Dependency Injection in Java

You might be thinking that this is a long solved problem. I think I have something a little bit different.

This is very similar to the C++ based one that I wrote long ago.

There are several design decisions in this approach that I would like to make explicit.

  • It favors constructor dependency resolution, although it does not require it.
  • It favors type safety.
  • It does not require modification of existing code to add decorators, and thus allows you to mix code from different sources.
  • The dependency declarations are all done in simple Java.
  • The components built this way can implement the composite design pattern, and the framework can be thought of as the builder for them.
  • The declaration of the factories is separate from the implementation of the objects themselves. This allows different factories to be used in different settings.

The resolvers can be chained in parent/child relationships. A common example of this is in a web application, a request will be the child of a session, which in turn will be the child of the web application. The rule is that a child object can resolve a dependency via the parent, but a parent cannot resolve a dependency via a child. Parent scoped objects are expected to live beyond the lifespan of child scoped objects.

Java Generics can be used to select the appropriate factory function to create an instance of a class. Say I want to create an instance of Message pump, a class that pulls a message from a source and sends it to a sink.

MessagePump messagePump = childResolver.fetch(MessagePump.class);

If we have a factory interface like this:

package com.younglogic.resolver;
public interface  Factory<T> {
	T create (Resolver registry); 

You can collect them up in a registry like this:

package com.younglogic.resolver;
import java.util.HashMap;
import java.util.Map;
public class Registry {
	Map<Class, Factory> factories = new HashMap<Class, Factory>();
	public Resolver createResolver(Resolver parent) {
		return new Resolver(this, parent);
	<T> void register(Class<T> c, Factory<T> f) {
		factories.put(c, f);

The actual factory implementation can be anonymous classes.

registry.register(MessageSink.class, new Factory<MessageSink>() {
    public ConcreteMessageSink create(Resolver registry) {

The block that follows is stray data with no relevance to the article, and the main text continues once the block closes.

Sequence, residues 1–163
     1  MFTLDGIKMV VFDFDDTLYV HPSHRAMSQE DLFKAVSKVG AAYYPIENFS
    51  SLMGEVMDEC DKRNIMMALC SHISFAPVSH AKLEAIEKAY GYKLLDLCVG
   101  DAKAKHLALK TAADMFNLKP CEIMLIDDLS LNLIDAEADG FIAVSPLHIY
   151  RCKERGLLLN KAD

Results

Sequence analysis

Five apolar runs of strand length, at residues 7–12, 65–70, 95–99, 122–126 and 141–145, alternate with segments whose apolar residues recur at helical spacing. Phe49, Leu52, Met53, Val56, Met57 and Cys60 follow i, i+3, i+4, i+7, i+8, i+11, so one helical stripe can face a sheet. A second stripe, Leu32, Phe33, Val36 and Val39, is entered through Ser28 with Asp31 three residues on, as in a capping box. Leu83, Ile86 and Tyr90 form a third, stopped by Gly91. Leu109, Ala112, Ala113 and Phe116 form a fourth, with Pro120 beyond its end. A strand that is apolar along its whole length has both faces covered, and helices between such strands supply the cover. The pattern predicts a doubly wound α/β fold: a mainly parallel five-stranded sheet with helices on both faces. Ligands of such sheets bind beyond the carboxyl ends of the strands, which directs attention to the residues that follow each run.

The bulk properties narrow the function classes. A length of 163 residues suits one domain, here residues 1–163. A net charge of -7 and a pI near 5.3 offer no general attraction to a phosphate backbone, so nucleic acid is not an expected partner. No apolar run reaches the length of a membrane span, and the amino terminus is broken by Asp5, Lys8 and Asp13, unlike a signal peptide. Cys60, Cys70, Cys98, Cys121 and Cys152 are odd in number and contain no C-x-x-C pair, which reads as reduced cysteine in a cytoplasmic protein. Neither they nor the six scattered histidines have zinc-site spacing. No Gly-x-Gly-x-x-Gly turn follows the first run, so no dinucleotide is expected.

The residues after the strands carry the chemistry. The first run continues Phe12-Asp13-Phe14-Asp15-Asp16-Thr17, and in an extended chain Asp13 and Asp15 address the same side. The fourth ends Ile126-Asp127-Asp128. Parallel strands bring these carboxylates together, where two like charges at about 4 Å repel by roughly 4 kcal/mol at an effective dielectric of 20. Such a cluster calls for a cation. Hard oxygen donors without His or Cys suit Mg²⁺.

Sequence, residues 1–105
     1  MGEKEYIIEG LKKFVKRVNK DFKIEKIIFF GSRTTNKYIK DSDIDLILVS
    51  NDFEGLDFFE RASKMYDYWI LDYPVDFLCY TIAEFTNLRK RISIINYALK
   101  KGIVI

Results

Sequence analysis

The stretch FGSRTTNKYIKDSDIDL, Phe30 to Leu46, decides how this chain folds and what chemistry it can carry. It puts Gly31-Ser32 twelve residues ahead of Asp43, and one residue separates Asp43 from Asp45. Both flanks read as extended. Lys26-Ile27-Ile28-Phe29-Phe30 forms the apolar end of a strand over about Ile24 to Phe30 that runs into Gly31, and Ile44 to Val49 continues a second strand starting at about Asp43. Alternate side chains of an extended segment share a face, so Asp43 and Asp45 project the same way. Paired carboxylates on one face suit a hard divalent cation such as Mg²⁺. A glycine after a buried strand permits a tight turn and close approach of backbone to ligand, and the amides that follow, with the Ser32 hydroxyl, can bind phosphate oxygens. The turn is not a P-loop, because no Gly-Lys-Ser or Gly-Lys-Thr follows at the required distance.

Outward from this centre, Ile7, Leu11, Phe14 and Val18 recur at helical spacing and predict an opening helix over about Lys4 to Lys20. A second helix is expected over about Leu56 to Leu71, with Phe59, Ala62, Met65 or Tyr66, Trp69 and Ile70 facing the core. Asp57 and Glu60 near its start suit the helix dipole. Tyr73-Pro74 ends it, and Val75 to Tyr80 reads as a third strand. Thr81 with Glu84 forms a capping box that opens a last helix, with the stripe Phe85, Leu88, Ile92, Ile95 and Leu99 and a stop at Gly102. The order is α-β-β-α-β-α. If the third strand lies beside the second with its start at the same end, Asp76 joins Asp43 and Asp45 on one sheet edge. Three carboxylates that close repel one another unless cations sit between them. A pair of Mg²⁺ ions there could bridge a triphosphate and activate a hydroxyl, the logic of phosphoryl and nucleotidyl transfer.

return new ConcreteMessageSink();

The resolution is done via a lazy load proxy defined like this:

package com.younglogic.resolver;
import java.util.HashMap;
import java.util.Map;
import java.lang.InstantiationError;
public class Resolver {
	Map<Class, Object> instances = new HashMap<Class, Object>();
	private Registry registry;
	private Resolver parent;
	Resolver(Registry registry, Resolver parent) {
		this.registry = registry;
		this.parent = parent;
	public <T extends Object> T fetch(@SuppressWarnings("rawtypes") Class c) throws InstantiationError {
		T o = (T) instances.get(c);
		if (o == null) {
			// Don't synchronize for the fast path, only the
			// slow path where we need to create a new object.
			Factory<T> factory = registry.factories.get(c);
			if (factory == null) {
				if (parent == null){
					throw new InstantiationError();
				return parent.fetch(c);
			synchronized (instances) {
				if (instances.get(c) == null) {
					try {
						o = (T) factory.create(this);
						instances.put(c, o);
					} catch (ClassCastException e) {
						throw new InstantiationError();
		return o;

One feature I have not implemented is away to distinguish between two different components that implement the same interface.

The drawback to Java in this case is that there is no clean up; you are still depending on the garbage collector, and finalize might never be called for your objects.

Full code is here:

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